Monday, March 07, 2011
How many meetings have you been to in order to have your concerns about the new Edgewater Library heard? None I bet. Do you even care? Do you know that a 98 year old building will be torn down for a parking lot and that the curb will be cut for a driveway across the Broadway sidewalk?
Lets face it most of us rarely use the library. So if the library is taken off line for a year or so we won't really notice nor be inconvenienced. But we actually do care. Water, Police, Fire, Roads, Schools, Parks and then Libraries. It may be at the bottom of many lists of most important government services, but at the same time it represents a very important marker of the quality of our social culture.
It represents something about us and our society, that if lost, would represent a loss of progress, a regression, a reversion backwards towards a darker age. So we really do care.
So the library is important. But how about the building? Again what do we care? We're getting a new building, hoorah! That's great. New is better, right? Yes, often.
But I get it. Few of us really care about the mundane details of library design nor the urban impacts of a new building on our streets and community.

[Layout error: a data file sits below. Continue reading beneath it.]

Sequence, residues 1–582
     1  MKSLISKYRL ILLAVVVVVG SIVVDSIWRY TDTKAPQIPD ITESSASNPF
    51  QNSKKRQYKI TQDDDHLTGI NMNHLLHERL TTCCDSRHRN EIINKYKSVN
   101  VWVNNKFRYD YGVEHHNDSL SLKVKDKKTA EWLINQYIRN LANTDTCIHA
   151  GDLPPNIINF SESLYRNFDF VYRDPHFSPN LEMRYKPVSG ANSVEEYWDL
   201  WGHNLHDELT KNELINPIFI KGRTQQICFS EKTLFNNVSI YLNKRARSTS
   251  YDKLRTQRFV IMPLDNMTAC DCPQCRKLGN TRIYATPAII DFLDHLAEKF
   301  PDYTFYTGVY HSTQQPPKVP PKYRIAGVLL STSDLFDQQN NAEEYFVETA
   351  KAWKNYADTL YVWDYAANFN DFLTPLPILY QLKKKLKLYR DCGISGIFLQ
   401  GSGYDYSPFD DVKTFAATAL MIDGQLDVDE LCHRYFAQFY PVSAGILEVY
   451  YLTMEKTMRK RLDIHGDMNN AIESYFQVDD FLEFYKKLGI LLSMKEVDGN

Yet on the other hand there are some who care greatly. Indeed they actually care about every little detail. Sometimes every detail about everything that goes on in their community. You meet them at a party and when you've heard enough you move on. Maybe at the next party you arrange your movements to minimize the length of your conversation with them. Sure you're glad they care, and sure you're especially glad that they seem to have the energy and interest to try to get their opinions heard by the powers that be that actually make all the detail decisions that go into something like a new library.
So how many meetings would a person super interested in every and all community details have attended about the library by now?
None? Really none?
We know our government is not representing us when they can't take the time and effort to listen to us. The problem for our governments is that listening is hard. Or maybe it's hearing that's hard. Whatever. It's like a constant party where there is one person after another waiting to talk to you about their interests.
But then that is their job. They are paid to listen.
So without any formal meetings with the community, ground has already been "broken" with a golden shovel for the new Edgewater Library. The plans are drawn and a 98 year old building is about to be torn down and the curb cut for cars to cross the sidewalk to another parking lot on a stretch of Broadway already loaded with too many parking lots. A stretch of Broadway that is served by a bus line and two el stops within a half mile.
Let me say simply that neither action is good urban design. Let me say simply further that not involving the community in the design process is not good government process. Above is a picture of one more bit of a historic neighborhood never to be recovered. You can't build new hundred year old buildings.